The European Commission's post programme surveillance report for Ireland says the Government needs to make an adjustment of more than €2 billion in the next budget if it is to bring the budget deficit below 3% of GDP.
Analysing figures from the Government's Stability Programme Update of April, the Commission says that before any policy changes the budget deficit for next year will be 4.2% of GDP, which it says implies a fiscal effort of some 1.5% of GDP to reduce the deficit below 3%.
The Commission says current Government spending is planned to fall by €1.4 billion next year (0.8% of GDP).
It says the Haddington Road agreement will contribute around €200m to this reduction, but says "the amount of other non-pay savings is not clear".
The Commission estimates these extra savings at €700m (0.4% of GDP).
It says an increase in tax revenues of €2.1 billion is largely driven by an increase in the tax base in line with economic growth projections.
New tax measures amounting to some €700m are needed, largely to offset the ending of the Pension levy, which the Commission estimates will cost the exchequer €500m.
The document warns that recent statements and comments by politicians about the prospects of cutting taxes and/or raising spending in light of the improving economic conditions "create expectations that may be difficult to manage".
It says that projects in the Irish Stability Programme and the Commission's own calculations reveal "no room for manoeuvre".
The document also says that while Irish governments have consistently over-delivered the required fiscal adjustment, there "has been a tendency to increasingly rely on both efficiency measures from better work organisation, eligibility controls of social and health care payments, which out-turn is difficult to predict and non-discretionary deficit improving factors, including temporary windfall revenue".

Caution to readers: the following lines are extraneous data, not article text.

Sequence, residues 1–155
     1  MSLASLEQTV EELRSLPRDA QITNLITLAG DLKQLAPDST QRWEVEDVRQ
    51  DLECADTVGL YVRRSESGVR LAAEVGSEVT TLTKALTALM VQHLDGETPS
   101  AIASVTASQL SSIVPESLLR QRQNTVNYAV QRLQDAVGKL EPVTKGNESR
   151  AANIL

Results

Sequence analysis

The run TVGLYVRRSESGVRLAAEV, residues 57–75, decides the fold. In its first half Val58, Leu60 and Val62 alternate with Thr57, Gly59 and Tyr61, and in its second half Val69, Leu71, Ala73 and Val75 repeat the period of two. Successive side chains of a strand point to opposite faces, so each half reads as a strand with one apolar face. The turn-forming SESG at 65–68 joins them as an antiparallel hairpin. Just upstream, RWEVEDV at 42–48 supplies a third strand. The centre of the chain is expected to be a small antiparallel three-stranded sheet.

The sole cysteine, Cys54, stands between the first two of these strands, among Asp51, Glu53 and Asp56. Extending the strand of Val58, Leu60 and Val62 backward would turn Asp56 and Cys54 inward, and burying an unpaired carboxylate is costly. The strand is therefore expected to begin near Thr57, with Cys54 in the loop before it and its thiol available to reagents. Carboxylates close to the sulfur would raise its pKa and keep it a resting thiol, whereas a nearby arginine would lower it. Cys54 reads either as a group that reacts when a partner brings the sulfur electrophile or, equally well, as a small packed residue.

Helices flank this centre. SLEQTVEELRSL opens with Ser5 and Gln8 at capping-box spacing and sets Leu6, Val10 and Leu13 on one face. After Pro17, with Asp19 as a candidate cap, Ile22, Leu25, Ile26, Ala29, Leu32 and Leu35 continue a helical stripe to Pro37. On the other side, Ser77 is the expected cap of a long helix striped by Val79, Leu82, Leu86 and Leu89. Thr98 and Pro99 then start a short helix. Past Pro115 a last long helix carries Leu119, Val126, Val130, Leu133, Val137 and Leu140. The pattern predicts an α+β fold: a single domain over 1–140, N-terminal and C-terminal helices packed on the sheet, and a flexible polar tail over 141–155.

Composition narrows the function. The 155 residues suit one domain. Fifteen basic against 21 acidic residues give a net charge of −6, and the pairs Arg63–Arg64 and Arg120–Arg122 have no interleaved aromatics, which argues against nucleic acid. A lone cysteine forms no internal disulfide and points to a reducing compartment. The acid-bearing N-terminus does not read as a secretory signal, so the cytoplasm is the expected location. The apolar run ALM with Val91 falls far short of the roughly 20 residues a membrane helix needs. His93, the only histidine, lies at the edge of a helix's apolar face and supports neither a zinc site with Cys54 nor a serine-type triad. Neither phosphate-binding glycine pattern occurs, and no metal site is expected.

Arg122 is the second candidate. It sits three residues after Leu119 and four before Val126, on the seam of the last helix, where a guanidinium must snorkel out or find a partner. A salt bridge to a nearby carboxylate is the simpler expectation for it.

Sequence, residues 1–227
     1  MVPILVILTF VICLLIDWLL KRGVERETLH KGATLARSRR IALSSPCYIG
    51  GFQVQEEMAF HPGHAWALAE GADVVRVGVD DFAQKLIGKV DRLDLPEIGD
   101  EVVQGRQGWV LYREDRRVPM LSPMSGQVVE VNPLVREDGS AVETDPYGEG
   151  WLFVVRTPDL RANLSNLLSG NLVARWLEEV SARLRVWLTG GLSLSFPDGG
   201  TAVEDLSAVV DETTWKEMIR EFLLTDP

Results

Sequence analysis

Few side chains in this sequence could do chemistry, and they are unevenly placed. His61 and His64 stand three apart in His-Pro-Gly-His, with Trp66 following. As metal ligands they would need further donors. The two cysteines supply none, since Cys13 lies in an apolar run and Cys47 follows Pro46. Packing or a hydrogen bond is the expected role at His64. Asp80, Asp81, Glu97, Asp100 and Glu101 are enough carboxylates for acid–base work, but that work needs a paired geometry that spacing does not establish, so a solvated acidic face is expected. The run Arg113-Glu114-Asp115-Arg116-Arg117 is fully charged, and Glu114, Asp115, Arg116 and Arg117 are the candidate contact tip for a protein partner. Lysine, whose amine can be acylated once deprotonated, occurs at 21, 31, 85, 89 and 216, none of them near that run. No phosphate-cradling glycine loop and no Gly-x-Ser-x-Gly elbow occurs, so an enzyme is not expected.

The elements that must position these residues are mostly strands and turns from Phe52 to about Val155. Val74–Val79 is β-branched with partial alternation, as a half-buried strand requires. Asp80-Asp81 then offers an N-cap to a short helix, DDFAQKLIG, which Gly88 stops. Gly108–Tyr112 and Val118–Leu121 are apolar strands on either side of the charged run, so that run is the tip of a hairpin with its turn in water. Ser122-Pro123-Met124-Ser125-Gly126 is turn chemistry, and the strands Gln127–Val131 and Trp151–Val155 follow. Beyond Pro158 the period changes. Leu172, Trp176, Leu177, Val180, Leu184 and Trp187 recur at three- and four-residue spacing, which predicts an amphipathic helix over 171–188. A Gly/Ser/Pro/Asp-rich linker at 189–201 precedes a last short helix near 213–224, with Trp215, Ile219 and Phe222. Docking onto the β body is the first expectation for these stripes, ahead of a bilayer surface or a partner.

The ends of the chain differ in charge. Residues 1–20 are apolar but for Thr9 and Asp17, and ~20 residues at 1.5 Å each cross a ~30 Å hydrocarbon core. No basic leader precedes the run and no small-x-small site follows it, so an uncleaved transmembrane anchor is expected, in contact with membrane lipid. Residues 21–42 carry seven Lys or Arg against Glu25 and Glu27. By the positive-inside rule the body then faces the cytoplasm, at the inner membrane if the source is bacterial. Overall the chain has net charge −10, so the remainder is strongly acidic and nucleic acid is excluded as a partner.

The Commission accuses the Government of being overly optimistic in some budget assumptions, notably believing economic growth will deliver enough tax to avoid the need for painful cuts.
It says, "the projected improvement in economic growth is expected to relieve the need for difficult discretionary measures. In that respect the assumed fairly tax-rich composition of economic growth underpinning budgetary plans appears somewhat optimistic, in particular private consumption and wage growth assumptions".
The Commission is strongly critical of the continuing overruns in health spending - the only part of Government spending that is not under control. It warns that the "implementation risk" in health spending control remains high.
It says slippages in the health sector are a risk to achieving this year’s budget targets, and deserve close monitoring and action.
It also notes that almost half of the planned spending cuts in this year’s budget of €666m were supposed to come from the health vote, but since then some savings have been deemed unachievable by the Government.
The planned saving of €113m from medical cards was reduced to a savings target of €23m in the revised estimate in December.
In May the Health Authorities signalled their inability to deliver savings under the Haddington Road agreement.
Expected savings to overtime and agency workers from longer and more flexible working hours have failed to materialise. The report says "achieving these savings presupposes and effective management and agreement by staff, which is difficult to predict."
An additional slippage relates to the planned replacement of medical cards by GP visit cards for those returning to work, with estimated savings of €10m for 2014.
The repost states "the authorities have now indicated that this measure, which would have required new legislation, will no longer be pursued".
It notes that given the steady decline in the Live Register of unemployed people, the potential savings from such a measure would have been significantly higher for 2015.